The weird and wonderful workings of the quadruple world champion’s mind were being discussed inside the gates behind which he will try to extend his 17-point lead over Sebastian Vettel in Sunday’s Hungarian Grand Prix.
The first question: is the pressure getting into Hamilton’s head?
It is being asked because he accused Ferrari of playing dirty after Silverstone. He then acted up after a technical glitch wrecked his qualifying last week in Hockenheim. He followed those theatrics by citing Nelson Mandela in an Instagram rebuke to his perceived detractors before bemoaning Sky’s supposed lack of reverence during his rain-inspired victory.
The second question: does he need the spark of controversy to thrive on track?
‘The psychological game is the hardest thing,’ admitted Hamilton. ‘I wake up with insecurities. You don’t see me away from the track and that is the most demanding thing — keeping your mind in the game from March to November. The demands on the drivers are higher than ever. The pressure is greater than ever. That is not something I am fazed by, but excited by. I’ve always felt that under pressure I’m at my best so I welcome it.’
Hamilton, at 33, possesses the same impetuous, fluctuating temperament he always did as a young driver but now has social media to parade his thoughts in a way he couldn’t before. He does not seek storms, or require them as a competitive spark, but he cannot avoid them.
Ever contradictory, he withdrew his comments about Ferrari and took down his post about Sky’s coverage, as well he might given that Martin Brundle compared his mastery to Ayrton Senna — Hamilton’s all-time hero. Given to paranoia, yes. Prone to brooding, yes. But Hamilton is proving that whatever bonfires he lights away from the track, he is reliably quick on it, in the one environment where he is entirely comfortable.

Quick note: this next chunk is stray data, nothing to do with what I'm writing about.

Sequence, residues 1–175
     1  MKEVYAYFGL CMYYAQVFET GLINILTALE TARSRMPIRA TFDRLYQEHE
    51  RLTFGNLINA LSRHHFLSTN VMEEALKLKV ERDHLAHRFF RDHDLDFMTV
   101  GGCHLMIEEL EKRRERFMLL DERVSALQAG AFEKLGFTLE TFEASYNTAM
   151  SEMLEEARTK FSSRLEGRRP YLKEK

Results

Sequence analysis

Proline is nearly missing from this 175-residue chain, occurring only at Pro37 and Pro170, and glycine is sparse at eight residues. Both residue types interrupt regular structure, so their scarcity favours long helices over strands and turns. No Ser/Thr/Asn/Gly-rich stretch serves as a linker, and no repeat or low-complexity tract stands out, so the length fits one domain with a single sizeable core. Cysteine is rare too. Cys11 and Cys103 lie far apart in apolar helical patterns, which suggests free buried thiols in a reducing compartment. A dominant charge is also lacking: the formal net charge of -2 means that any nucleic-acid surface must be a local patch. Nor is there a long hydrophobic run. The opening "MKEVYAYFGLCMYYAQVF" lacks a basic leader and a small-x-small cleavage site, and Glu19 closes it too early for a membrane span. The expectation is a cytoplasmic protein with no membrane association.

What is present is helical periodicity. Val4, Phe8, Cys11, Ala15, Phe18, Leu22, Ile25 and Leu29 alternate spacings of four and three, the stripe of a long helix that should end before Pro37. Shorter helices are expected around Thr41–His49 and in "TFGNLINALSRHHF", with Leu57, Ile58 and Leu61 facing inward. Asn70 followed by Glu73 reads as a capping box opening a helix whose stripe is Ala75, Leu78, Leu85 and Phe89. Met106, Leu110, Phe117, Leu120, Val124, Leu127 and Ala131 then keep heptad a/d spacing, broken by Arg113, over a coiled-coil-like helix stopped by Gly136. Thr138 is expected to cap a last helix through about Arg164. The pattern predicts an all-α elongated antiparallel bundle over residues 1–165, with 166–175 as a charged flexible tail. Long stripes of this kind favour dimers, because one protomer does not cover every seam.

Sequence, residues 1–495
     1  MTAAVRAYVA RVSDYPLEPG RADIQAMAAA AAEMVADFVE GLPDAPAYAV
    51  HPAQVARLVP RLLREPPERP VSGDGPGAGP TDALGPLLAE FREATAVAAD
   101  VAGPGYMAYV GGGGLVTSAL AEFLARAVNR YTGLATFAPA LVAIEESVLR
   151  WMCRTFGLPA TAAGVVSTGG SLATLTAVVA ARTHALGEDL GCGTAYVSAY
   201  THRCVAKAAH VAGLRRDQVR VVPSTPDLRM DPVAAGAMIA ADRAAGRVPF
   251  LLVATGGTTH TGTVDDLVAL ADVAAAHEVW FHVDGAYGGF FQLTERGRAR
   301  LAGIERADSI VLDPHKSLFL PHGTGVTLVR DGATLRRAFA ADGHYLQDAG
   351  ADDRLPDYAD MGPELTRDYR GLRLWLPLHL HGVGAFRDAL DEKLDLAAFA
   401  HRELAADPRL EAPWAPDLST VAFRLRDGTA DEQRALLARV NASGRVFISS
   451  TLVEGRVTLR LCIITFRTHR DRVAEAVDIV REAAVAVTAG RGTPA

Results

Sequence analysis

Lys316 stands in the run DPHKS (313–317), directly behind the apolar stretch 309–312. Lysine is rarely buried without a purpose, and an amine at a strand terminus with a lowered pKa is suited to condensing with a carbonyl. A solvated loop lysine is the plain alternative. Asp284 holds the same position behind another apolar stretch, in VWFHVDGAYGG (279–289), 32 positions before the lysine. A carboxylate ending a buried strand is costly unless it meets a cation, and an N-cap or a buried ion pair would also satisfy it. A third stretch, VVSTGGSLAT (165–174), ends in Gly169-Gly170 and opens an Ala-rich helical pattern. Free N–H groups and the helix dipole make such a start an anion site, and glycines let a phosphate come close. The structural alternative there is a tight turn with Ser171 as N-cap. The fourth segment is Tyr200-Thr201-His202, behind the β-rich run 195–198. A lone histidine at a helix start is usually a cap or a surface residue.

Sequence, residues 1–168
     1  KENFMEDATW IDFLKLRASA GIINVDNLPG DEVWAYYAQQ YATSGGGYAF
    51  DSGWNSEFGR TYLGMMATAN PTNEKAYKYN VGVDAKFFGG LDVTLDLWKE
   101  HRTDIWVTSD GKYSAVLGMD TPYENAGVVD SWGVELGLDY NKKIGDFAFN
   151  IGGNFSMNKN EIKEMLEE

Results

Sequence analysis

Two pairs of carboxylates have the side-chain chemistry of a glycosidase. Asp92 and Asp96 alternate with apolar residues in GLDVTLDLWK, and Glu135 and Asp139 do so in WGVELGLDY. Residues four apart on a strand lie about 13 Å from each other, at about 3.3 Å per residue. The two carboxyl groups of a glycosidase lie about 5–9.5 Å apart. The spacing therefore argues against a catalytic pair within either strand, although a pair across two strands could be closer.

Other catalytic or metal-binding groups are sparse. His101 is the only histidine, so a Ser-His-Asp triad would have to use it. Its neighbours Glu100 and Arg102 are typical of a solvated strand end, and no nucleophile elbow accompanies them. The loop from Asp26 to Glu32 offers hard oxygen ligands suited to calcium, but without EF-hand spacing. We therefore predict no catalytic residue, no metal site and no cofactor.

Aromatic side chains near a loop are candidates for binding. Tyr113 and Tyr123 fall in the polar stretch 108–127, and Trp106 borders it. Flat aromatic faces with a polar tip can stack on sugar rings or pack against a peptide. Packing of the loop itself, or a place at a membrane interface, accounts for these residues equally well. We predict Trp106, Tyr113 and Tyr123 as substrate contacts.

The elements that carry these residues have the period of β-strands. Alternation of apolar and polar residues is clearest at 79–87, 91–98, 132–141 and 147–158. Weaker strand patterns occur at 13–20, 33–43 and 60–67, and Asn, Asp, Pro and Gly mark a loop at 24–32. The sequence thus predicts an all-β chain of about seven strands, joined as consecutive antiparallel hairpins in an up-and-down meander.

As Brundle wrote in his Sky column: ‘Watching Lewis’s actions, listening to him, and reading his words from Hockenheim, he is in a remarkable and probably unusual place. Wherever that is, it’s working in terms of results and comeback drives.’
Vettel, in contrast, has played it cool away from the asphalt but has made four bad mistakes on it — most recently hitting the barriers in Germany — to condemn him to second in the standings. Yesterday in practice, however, Vettel was quickest on a slow track, where Mercedes are not expected to be dominant. Ferrari, meanwhile, are desperate to win as a tribute to their chairman Sergio Marchionne, who died on Wednesday, aged 66. The Ferrari cars bear a black stripe.
Hamilton’s boss Toto Wolff, when asked if he would prefer his champion, for his own sanity, to be out skylarking with friends after winning a race rather than dwelling negatively on TV coverage at home, said: ‘The most important thing is that we give everybody freedom to organise their time as they feel is right, and be non-judgmental.
‘We are all different. Lewis is a four-time world champion and knows pretty well how to extract the maximum performance out of himself.
‘He is in a good frame of mind. His behaviour is authentic. He polarises, and for me this is just fine.’
Wolff knows he is handling delicate china and does not want to drop it or to squeeze it too hard. He has managed Hamilton with supple fingers for six years and credit to him for that. His philosophy is along the lines of: genius lives by its own rules.